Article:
While we do not have an answer for that, after rereading, we know that solution 2 is better than solution 1 because it does not
relies on visibility, but rather on rooms instead, therefore we could still introduce invisible objects in our game.
Because that is the main difference, our coding error lies in that area too, we are missing some lines of coding about rooms.

For MrAngel's solution 3, start a new quest file and keep the old file for future referencing.

``````floorlist = FilterByAttribute (GetDirectChildren (game.pov.parent), "prototype", Floor)
if (ListCount (floorlist) = 0) {
// do whatever you wanted to do if there *isn't* a floor here
}
else {
thisfloor = PickOneObject (floorlist)
// if you want to do anything when there is a floor here, you can do it here
// you can use the variable `floorlist` to access the floor object in this room
// or just remove the else clause if you don't need to do anything}
``````

For this code, it is called FilterByAttribute, FilterByAttribute returns a new object list containing only the objects in the given list for which the named attribute has the given value.

``````floorlist = FilterByAttribute (GetDirectChildren (game.pov.parent), "prototype", Floor)
``````

floorlist is most likely a variable, FilterByAttribute gives us something,
(GetDirectChildren (game.pov.parent) are the parents of the players which is the room player is at right now.
"prototype" is an attribute, Floor is used here so we can find out about it.
In short, variable = Find(player's room, "prototype" attribute, value=Floor)
So to rephrase it again, Find prototype Floor in the player's room and gives us that value inside a variable, so like MrAngel said, the prototype means that this Floor is a clone, therefore this line of code is extremely important to all our future games and coding, because I am going to streamline my coding to autogeneration as autogeneration codes uses one set of code to play 100 to unlimited rooms, as compared to making 100 codes for 100 rooms, which I have tried in my previous games, I will give up and surrender!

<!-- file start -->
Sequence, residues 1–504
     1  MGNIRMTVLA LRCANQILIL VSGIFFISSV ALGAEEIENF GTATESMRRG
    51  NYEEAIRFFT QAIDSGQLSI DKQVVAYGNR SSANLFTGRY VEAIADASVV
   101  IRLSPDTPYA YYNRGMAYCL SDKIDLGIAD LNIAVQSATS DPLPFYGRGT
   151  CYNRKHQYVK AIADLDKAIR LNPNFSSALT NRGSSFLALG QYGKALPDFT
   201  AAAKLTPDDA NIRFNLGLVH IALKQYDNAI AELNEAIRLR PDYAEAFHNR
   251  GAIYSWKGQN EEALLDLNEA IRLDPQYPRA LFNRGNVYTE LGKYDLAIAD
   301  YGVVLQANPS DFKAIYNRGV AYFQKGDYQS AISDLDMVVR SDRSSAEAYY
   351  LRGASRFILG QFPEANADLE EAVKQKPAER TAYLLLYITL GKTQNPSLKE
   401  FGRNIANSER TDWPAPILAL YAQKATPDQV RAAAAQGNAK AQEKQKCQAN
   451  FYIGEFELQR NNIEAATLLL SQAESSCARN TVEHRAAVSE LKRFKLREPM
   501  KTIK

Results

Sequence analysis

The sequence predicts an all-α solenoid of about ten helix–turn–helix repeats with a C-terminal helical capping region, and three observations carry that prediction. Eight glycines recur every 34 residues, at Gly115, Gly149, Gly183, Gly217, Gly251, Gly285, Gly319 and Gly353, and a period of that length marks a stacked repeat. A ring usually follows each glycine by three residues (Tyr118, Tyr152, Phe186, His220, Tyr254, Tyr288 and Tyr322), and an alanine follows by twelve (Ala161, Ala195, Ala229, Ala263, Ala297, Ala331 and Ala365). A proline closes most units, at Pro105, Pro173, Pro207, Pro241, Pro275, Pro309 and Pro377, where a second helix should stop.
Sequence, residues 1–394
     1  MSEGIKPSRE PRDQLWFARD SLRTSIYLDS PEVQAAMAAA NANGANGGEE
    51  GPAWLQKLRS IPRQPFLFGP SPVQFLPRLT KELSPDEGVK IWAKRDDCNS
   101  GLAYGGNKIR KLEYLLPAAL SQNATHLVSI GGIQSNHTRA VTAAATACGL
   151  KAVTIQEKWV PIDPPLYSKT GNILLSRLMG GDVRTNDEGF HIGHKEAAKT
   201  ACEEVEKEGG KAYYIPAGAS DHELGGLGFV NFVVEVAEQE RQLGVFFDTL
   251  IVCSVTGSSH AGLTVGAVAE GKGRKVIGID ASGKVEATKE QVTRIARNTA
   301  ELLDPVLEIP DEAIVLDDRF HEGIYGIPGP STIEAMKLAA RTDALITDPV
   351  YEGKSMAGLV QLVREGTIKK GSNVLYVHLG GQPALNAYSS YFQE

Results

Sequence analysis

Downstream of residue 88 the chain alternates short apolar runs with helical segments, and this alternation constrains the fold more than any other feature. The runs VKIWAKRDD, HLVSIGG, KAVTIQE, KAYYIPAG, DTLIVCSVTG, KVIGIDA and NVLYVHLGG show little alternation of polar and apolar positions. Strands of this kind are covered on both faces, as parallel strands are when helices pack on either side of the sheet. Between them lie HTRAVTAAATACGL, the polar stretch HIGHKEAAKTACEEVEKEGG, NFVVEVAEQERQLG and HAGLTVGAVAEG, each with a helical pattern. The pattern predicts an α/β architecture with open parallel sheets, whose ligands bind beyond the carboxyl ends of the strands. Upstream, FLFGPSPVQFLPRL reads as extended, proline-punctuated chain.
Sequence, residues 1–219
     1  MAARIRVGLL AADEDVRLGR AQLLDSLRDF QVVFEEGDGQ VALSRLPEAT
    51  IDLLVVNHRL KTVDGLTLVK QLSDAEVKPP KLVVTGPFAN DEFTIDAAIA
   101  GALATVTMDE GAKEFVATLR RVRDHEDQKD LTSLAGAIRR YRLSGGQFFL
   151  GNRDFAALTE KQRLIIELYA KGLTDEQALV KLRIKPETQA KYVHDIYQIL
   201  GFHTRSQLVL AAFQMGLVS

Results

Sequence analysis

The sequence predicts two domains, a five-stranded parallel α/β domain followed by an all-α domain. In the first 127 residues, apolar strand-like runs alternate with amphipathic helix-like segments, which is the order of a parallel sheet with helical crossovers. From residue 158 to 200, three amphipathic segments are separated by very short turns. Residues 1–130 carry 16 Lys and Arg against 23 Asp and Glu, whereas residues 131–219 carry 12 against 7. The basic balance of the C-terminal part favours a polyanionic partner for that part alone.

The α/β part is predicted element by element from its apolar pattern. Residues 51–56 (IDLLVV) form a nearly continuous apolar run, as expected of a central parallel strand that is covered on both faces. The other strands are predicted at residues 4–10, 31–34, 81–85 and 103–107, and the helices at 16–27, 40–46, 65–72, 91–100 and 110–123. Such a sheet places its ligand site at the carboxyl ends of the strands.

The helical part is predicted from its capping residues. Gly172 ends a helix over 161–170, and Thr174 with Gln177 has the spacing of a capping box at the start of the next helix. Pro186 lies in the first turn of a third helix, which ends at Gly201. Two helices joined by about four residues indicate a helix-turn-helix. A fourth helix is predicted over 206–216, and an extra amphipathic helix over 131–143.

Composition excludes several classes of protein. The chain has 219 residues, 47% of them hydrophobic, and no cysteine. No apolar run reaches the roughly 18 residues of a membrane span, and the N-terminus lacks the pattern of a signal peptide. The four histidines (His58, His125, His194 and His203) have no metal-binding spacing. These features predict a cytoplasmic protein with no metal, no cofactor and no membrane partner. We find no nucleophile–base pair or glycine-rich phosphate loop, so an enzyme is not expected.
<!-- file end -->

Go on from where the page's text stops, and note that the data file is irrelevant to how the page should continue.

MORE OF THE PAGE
Creating clones baffle me too...
So, why use them?
The player is only in 1 room at a time.
why not place the "one and only" chair in the current room (if one is needed), when the player enters the room?
You could even randomize the chair's description each time. But, I see where the chair would keep changing colors if the player jumps back and forth between 2 rooms with the chair in it. In that case, add an attribute to the chair based on the room number (.X and .Y not needed.)
4x5 rooms numbered this way:
01, 02, 03, 04, 05
06, 07, 08, 09, 10
11, 12, 13, 15, 15
16, 17, 18, 19, 20
exit=room 03
start room=18
I should be very easy to randomize the room contents like this:
// random floors
(pseudo code because I think in BASIC and must translate to Quest)
for a=0 t0 20
x=rnd(6) ' 6 different floors
floor(a)=x ' make room#A.floor= random floor# X
next a '
Now you have the room floor descriptions set.
Floor="5,2,4,1,3,2,5,5,2,3,4,2,1,3,6,6,1,3,2,3"
And do the same for the chair
0=no chair, >0 = a chair of the random color
Now, when the player enters the room, just read the floor(room#) to get the floor,
and chair(room#) to place the chair, and the same for every other item you want to add.
If the player picks up the chair, change chair(room#)=0 (no chair)
Altho, this would limit each room to only having 1 chair.
This isn't object programming, but it does work the same way, altho, if the chair IS an object, then would it count?

For DarkLizerd, creating clones might be required as I generally make rpg games, I have to create multiple enemies like AxeDwarf1 and AxeDwarf2, players have the option to retreat after battling halfway, meaning there is one dwarf with half hp, and the other with full hp. (If it matters, I am using autogeneration monsters, objects, everything, so cloning seems relevant even if I am no master of it.)
I am going to take some time to read the rest of your code.

Guys stop giving me additional code for Infinite Maze, LOL, I only know if else programming, anymore is stressing me out for now.
I cannot even comprehend MrAngel's solution and I do not know BASIC code or any other programming language.

Give me a few days and I can slap an example together. Right now, I'm getting my Dark Halloween re-working, and expanded.